Frank Andrew Munsey (1854-1925), American publisher, built a newspaper and magazine empire in the early 20th century.
Frank Munsey was born in Mercer, Maine, on Aug. 21, 1854, the son of poor but hardworking parents. A sober industrious boy, he went to work for the Western Union Telegraph Company. Steady and ambitious, he soon became manager of its office in Augusta, Maine. For obscure reasons, he settled upon publishing as his means to reach fortune, and in 1882 he went to New York City to publish Golden Argosy, a juvenile magazine. He helped Argosy by writing Horatio Alger-type tales, while buying, merging, and closing down other publishing properties, some distinguished, like Godey's and Peterson's.
Munsey struggled to succeed. He did not marry and did not develop any striking or individual side interests. He was dedicated to business during a period that witnessed the emergence of the popular magazine. In 1891, with Argosy producing less revenue than his plans permitted, he began Munsey's, aimed at a broad, general audience to which his competitors were selling magazines at 25 cents or more. Munsey's was less distinguished than most of these, but in 1893 Munsey made the magazine more salable by cutting his price to 10 cents.
When Munsey was refused distribution privileges by the American News Company, which feared the effect of his price on its control of the field, Munsey struck back by setting up his own distribution system. His brief, courageous battle broke the monopoly and established the popular magazine, making it available to a new and wider readership.
With his income now assured, Munsey began a drive that affected many journalistic careers. He turned his attention to newspapers—buying, consolidating, or closing numerous publications, including the New York Sun, the Baltimore Star, and the Philadelphia Times. Though many of his transactions were resented, Munsey insisted that unprofitable newspapers deserved to be killed and that consolidation was the one answer to this problem. However, his mounting power as a journalistic overlord gave no evidence of distinguished policies or technical innovations.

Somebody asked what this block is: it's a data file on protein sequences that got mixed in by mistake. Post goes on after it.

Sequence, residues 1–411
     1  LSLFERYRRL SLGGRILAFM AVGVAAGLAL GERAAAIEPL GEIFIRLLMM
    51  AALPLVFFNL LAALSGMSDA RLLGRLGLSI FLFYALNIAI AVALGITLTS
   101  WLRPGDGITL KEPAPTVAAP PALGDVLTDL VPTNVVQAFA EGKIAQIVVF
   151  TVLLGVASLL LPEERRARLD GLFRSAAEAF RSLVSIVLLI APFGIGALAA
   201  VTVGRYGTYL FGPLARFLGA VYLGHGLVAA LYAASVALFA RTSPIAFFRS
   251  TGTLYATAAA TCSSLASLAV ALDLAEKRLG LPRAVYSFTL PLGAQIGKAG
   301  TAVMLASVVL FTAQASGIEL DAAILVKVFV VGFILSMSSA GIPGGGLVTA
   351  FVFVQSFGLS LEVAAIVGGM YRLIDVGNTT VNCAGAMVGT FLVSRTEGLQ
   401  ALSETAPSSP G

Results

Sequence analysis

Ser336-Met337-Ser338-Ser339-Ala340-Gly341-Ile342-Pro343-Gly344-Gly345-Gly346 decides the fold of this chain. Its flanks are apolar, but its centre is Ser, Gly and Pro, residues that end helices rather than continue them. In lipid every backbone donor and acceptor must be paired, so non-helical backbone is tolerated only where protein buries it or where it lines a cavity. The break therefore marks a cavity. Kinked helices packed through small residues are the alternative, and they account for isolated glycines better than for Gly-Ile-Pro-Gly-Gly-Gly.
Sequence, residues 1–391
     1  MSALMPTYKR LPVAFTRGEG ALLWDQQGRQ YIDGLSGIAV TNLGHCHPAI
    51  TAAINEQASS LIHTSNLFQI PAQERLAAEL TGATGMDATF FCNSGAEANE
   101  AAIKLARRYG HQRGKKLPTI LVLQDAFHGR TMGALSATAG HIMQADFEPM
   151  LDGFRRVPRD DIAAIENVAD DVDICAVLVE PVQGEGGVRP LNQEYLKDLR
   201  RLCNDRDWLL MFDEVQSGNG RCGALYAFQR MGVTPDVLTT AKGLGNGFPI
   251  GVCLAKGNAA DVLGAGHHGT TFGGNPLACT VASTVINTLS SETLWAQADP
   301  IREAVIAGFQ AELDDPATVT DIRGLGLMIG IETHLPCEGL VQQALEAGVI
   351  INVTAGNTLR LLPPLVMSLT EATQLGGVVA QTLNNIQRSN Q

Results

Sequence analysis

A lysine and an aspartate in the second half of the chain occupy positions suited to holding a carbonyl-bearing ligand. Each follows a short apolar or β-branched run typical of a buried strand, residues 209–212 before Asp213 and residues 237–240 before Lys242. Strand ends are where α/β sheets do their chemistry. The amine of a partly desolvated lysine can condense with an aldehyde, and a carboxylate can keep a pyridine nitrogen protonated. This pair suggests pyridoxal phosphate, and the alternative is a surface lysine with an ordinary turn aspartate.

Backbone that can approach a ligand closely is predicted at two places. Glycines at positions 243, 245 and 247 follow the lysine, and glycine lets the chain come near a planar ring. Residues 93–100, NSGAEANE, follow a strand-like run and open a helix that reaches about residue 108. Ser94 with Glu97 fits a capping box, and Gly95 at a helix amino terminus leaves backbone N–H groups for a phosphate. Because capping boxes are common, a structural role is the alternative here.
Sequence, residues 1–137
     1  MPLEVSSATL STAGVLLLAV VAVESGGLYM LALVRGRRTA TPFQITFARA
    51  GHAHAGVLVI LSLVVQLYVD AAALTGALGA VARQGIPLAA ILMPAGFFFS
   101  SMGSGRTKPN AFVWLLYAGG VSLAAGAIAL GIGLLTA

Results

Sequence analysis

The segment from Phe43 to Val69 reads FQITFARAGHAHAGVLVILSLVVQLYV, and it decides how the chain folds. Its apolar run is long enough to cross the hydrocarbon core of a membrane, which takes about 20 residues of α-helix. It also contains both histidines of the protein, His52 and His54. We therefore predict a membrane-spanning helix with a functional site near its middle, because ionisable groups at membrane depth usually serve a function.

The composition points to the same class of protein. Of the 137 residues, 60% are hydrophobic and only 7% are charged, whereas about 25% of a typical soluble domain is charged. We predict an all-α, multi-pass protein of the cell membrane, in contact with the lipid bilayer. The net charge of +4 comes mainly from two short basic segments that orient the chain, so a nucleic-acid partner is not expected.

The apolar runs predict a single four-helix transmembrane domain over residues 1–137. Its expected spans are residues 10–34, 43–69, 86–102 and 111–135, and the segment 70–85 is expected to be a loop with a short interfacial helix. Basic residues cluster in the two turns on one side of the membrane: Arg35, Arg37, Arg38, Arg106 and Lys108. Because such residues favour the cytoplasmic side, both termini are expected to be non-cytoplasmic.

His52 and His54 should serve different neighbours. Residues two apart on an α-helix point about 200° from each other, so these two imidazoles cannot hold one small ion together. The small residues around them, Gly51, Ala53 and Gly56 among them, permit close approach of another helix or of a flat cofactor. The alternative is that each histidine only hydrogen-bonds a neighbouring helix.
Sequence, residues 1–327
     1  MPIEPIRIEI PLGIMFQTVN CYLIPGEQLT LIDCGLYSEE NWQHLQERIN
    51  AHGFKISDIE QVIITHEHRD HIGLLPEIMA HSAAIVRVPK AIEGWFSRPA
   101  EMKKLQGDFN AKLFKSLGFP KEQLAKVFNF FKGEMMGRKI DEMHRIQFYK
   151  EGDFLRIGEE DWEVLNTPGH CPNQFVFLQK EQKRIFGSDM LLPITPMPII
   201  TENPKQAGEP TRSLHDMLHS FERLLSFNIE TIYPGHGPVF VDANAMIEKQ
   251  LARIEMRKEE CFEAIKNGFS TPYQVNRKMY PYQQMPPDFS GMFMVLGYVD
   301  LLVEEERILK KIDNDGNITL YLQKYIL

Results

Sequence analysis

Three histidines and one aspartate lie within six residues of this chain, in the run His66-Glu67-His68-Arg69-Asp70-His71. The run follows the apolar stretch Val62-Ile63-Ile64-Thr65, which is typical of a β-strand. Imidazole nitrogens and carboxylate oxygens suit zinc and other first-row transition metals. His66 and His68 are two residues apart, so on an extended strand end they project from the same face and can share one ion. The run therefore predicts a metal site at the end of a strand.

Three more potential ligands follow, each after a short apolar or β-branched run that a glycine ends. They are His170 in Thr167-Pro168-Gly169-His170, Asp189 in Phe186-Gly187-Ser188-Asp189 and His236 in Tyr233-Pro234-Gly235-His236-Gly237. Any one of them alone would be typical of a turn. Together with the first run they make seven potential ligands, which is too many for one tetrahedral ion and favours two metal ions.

Munsey expanded his interests, assuming ownership of a chain of grocery stores and speculating in the stock market. His support of Theodore Roosevelt and the Progressive party in 1912 surprised some observers, who were of Munsey's generally conservative politics. However, Munsey's position only indicated his awareness that large industry had more to gain from government regulation than from freebooting enterprise, which could embarrass financiers through panics or recessions. More typical of Munsey's thought was his opposition to the League of Nations. He died on Dec. 22, 1925, leaving only his controversial empire.
An account of Munsey is in George Britt, Forty Years—Forty Millions (1935). Louis Filler, Crusaders for American Liberalism (1939), treats Munsey as a pioneer in the creation of the popular magazine. See also Oswald G. Villard, Some Newspapers and Newspaper-men (1923).